I reprint here a portion of an excellent article written by my friend, Rick Patelunas, of Myrtle Beach, SC. I believe it captures the importance of Labor Day in current times.
This Labor Day
There are signs of hope.
Earlier this year, teachers showed what can be done when there is solidarity at a grassroots level. Teachers were fighting for more than better pay. They were fighting for respectability, for school funding and most importantly, for the students.
The fight was for schools that don’t leak in the rain and textbooks that are not older than the students. Even during their strike, teachers worked with the community to organize soup kitchens and lunches for students whose only decent meal was the subsidized lunch at school.
This summer, members of the Teamsters union representing a quarter of a million workers at UPS voted to go on strike. The strike was averted with a tentative agreement, but its final approval is not certain.
The Fight for Fifteen continues its struggle for workers’ issues like a livable wage and child care. Other workers struggling as Independent Contractors in the so-called Gig Economy are beginning to organize.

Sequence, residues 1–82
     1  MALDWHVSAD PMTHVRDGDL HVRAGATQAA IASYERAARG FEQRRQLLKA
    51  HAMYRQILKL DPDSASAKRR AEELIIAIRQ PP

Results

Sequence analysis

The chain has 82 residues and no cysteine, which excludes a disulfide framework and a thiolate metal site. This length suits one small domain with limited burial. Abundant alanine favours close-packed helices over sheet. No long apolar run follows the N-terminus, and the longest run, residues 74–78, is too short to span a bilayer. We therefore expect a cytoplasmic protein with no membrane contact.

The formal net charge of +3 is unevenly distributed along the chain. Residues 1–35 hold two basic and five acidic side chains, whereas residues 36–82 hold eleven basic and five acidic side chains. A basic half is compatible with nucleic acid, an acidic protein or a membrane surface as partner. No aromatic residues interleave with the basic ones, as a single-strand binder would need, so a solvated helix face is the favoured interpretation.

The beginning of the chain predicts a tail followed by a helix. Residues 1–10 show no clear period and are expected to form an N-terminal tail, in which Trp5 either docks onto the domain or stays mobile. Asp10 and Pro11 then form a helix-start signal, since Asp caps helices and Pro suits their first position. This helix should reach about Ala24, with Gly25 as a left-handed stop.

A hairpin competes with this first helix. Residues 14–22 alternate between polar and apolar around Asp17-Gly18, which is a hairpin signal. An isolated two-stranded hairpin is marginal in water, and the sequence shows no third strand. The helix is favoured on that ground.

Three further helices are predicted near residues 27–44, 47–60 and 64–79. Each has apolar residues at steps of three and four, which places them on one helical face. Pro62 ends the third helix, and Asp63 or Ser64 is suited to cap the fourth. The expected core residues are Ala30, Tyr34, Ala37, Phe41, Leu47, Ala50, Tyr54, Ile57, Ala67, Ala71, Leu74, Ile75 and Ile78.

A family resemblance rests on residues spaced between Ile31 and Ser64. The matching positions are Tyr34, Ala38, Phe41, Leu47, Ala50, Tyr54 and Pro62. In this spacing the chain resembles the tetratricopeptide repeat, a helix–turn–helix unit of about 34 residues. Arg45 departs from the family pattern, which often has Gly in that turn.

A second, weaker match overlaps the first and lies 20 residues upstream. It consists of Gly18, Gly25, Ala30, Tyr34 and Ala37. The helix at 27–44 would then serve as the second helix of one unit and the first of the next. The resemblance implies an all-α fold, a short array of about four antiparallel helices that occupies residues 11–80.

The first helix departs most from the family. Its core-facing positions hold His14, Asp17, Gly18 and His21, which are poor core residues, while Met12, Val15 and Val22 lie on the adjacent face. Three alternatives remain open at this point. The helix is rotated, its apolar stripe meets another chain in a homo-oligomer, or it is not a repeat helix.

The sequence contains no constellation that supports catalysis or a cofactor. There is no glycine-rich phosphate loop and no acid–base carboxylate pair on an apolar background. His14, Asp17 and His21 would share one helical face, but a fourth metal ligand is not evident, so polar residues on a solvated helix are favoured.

Public or private, unionized or not, without workers, there is no Labor Day. More importantly, without workers, there are no brains or backbones to keep economy going.
Over two-thirds of the economy is consumer driven and by and large, workers are the consumers - and taxpayers.
The wealthy can only buy so many mansions and yachts before they have to stash their money in some investment, oftentimes offshore to avoid taxes.
This Labor Day, think about the reason for Labor Day and its history. Think about it when you go to the store for those Labor Day specials or when you check into the hotel for the holiday. Someone is working to make the specials possible and someone cleaned the hotel room for your holiday weekend.
Celebrate workers on Labor Day and support them throughout the rest of the year.